We’ve made this progress at the same time as we’ve started considering the next phase of the implementation of the strategy, from 2023 onwards. We’ve carried out significant engagement to shape the actions and content of the next stage of implementation, and we’re due to publish a new delivery plan in October 2023. This is in line with our first formal review period, as promised in the original strategy.

Our progress in 2022 to 2023

An engaged, motivated and healthy workforce

Attraction and recruitment

Seamless working models

Building a digitally ready workforce

Excellent education and training

Leadership and succession

Workforce supply and shape

Work to come

The following areas of work haven’t yet begun. This is for a range of reasons including lack of capacity either within Social Care Wales or in the sector itself due to vacancies. There have also been some changes in policy direction, such as in relation to the Liberty Protection Safeguards.

Social work workforce plan:

  • share good practice around offering general support to social workers, such as peer support and supervision and de-briefing sessions
  • develop the role of social work ambassadors
  • develop a ‘Social work digital capabilities framework’
  • commission a revised digital skills element of the social work curriculum for all undergraduate programmes
  • launch our new post-qualifying framework for social work
  • introduce a learning and development framework to support the implementation of the new Liberty Protection Safeguards that will replace the Deprivation of Liberty Safeguards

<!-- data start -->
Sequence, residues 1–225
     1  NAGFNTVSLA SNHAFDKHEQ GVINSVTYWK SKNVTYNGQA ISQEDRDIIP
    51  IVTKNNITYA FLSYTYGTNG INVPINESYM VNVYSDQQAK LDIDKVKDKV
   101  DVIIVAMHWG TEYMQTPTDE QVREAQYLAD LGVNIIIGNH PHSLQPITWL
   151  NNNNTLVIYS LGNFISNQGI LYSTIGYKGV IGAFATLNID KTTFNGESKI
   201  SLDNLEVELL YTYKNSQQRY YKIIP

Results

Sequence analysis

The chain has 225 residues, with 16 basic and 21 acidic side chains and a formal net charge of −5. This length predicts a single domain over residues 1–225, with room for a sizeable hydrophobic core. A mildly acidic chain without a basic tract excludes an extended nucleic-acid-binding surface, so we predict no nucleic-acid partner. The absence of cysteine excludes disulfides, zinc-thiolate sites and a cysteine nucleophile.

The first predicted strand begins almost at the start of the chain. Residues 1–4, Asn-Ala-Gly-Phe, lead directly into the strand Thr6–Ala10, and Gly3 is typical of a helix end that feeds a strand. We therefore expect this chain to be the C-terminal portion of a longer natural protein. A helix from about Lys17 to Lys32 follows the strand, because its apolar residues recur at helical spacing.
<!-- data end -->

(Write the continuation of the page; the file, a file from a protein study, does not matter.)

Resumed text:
• review our approach and process for recording ongoing continuing professional development (CPD)
  • design a leadership qualities framework
  • develop a leadership programme for aspiring colleagues from minority groups
  • analyse the jobs portal and its data to look at workforce supply and demand and review our approach to workforce planning.

Direct care workforce plan:

  • develop resources for managers to begin assessing how well they meet the well-being at work commitments that are integral to the health and well-being framework
  • develop resources that clearly show the career paths available to all staff in the direct care workforce
  • develop and deliver learning and development programmes to put the Liberty Protection Safeguards into action
  • develop social care-specific resources so more people can gain essential skills in communication and application of number.
  • review how we support registered people to record their CPD easily, and in an accessible way.

Conclusion

The pandemic has had a long-lasting effect on the health and social care sectors. It’s shone a light on the challenges that existed before the pandemic and created new challenges during the ongoing recovery.

We aspire to achieve the ambition of the 10-year strategy, but we recognise more needs to be done to put longer term plans in place to meet these aspirations. We will continue to support collaborative working across health and social care, between local organisations and national bodies working in social partnership.

The work carried out since the strategy’s launch, which is linked to its seven key themes and underpinning golden threads, has allowed us to gain a momentum we can build upon in future years, in-line with our longer-term goals. This puts us in a good position to meet the challenges and opportunities that 2023 to 2024 and beyond will bring.

We’ve consulted on the next three-year phase of delivery, linked to the ambitions of the health and social care workforce strategy. This will be published in October 2023 and will provide a clear set of actions so we can continue to support the workforce and build on the work already carried out.

Social Care Wales, September 2023

First published: 5 September 2023
Last updated: 30 January 2024